In Robinson, Judge Sporkin initially avoided the apparent conflict between Bradley and Bowen by relying upon statutory language in the 1991 Act that supports retroactive application. See Robinson, 790 F. Supp. 325 at 326-28 . *fn6" Without delving into that language here, it is sufficient to note that upon its own review of the same statutory language relied upon in Robinson, the Gersman court concluded that "Congress has not provided a clear expression of its intent as to the retroactive or prospective application of § 101(b) in the language of the statute." Gersman, 975 F.2d at 890. Obviously, that conclusion mandates a similar result regarding Section 102. Furthermore, neither Gersman nor Robinson found the legislative history of the Act to be helpful in the least. See Gersman, 975 F.2d at 892, Robinson, 790 F. Supp. at 328 n.3.

 As a result, the Court of Appeals found it necessary to reconcile Bradley and Bowen and "find some principled way to determine which governs the case before us." Gersman, 975 F.2d at 896. The solution accomplished at least two important ends. First, language in two earlier Court of Appeals decisions, Wagner Seed, Inc. v. Bush, 292 U.S. App. D.C. 44, 946 F.2d 918, 924 (D.C. Cir. 1991), cert. denied, 118 L. Ed. 2d 304, 112 S. Ct. 1584 (1992), and Alpo Petfoods, Inc. v. Ralston Purina Co., 286 U.S. App. D.C. 192, 913 F.2d 958, 964 n.6 (D.C. Cir. 1990), which suggested a strong preference by the Court of Appeals for the Bowen doctrine over the Bradley doctrine, was identified, labelled, and deemphasized as mere dicta. See Gersman, 975 F.2d 886 at 896-97.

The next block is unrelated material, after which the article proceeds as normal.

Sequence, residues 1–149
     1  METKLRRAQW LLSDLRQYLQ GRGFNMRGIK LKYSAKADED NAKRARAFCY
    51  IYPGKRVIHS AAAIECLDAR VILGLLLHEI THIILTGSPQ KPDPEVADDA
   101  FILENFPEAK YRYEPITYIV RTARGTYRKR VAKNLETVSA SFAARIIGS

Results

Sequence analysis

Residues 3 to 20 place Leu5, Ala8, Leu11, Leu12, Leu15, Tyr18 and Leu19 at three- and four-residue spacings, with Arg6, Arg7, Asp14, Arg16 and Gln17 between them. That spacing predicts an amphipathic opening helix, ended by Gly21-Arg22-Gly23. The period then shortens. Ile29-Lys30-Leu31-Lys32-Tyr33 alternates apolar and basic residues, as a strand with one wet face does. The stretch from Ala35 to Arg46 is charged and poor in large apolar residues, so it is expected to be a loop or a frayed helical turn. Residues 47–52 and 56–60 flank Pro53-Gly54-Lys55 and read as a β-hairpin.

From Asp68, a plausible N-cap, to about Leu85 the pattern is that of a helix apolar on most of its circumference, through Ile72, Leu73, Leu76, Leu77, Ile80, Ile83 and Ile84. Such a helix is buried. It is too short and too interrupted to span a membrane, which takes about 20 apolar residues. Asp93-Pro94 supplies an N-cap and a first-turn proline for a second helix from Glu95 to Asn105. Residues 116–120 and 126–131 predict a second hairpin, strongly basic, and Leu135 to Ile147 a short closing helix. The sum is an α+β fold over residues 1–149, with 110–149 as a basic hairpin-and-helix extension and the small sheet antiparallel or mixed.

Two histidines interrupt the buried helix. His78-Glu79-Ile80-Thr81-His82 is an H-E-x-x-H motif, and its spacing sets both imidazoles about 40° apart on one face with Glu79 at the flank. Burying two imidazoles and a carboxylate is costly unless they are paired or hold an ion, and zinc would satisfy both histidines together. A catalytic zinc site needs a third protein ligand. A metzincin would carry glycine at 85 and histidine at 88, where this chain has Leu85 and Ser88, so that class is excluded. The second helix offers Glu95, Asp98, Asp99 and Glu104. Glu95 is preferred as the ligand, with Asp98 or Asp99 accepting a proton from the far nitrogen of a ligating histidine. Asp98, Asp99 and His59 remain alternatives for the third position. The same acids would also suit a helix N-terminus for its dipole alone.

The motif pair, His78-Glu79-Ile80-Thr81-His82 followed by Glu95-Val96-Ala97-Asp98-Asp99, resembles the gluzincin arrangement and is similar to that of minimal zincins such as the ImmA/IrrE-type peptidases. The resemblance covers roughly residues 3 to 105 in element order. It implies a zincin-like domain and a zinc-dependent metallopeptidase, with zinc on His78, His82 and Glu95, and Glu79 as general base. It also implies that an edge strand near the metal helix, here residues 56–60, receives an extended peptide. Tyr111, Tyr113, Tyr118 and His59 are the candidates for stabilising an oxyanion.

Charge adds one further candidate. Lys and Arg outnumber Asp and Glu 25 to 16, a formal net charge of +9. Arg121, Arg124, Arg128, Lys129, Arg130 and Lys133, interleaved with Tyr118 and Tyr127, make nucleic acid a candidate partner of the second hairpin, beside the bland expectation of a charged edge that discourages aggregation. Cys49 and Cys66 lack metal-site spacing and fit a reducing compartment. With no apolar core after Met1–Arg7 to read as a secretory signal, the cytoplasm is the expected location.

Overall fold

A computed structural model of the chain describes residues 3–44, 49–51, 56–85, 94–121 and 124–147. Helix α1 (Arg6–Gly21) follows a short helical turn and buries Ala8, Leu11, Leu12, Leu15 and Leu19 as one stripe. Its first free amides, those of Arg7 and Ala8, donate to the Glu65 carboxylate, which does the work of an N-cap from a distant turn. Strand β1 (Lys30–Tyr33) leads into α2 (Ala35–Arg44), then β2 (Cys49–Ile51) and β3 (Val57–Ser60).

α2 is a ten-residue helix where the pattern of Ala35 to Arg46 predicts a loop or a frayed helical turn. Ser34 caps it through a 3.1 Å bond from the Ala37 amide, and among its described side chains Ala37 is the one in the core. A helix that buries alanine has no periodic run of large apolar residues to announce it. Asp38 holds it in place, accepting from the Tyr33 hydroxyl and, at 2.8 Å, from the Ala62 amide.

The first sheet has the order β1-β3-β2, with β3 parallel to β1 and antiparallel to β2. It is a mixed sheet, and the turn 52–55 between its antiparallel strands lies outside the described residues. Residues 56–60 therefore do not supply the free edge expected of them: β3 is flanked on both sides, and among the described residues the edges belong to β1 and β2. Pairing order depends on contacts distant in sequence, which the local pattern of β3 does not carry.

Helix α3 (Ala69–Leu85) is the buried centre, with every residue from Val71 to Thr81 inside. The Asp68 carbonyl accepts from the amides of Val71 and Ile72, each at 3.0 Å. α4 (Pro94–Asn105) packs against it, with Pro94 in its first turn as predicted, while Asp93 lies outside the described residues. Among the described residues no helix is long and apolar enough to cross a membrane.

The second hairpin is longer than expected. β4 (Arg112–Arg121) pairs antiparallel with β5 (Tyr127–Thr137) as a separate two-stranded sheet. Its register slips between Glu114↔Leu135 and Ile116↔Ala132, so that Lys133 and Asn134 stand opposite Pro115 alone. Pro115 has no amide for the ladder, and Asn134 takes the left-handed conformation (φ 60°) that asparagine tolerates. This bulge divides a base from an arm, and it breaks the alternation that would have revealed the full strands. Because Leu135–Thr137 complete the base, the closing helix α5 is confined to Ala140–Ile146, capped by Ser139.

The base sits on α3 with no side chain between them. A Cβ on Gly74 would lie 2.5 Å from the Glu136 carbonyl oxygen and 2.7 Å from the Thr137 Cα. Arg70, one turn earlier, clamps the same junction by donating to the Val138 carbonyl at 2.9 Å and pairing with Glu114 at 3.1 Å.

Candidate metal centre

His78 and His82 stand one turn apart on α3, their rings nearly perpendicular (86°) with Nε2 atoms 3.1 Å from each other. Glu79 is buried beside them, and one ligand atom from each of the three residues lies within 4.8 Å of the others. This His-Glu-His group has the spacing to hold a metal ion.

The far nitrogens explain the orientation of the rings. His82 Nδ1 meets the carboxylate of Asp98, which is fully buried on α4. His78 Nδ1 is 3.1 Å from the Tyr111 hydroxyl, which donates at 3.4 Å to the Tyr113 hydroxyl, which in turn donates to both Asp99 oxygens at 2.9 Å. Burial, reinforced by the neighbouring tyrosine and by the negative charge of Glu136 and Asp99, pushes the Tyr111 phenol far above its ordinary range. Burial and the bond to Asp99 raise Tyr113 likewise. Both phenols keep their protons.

Second, relying upon Bennett v. New Jersey, 470 U.S. 632, 639, 84 L. Ed. 2d 572, 105 S. Ct. 1555 (1985), which recognized Bradley but emphasized "that statutes affecting substantive rights and liabilities are presumed to have only prospective effect," the Court of Appeals set forth a general rule governing retroactive application of congressional enactments: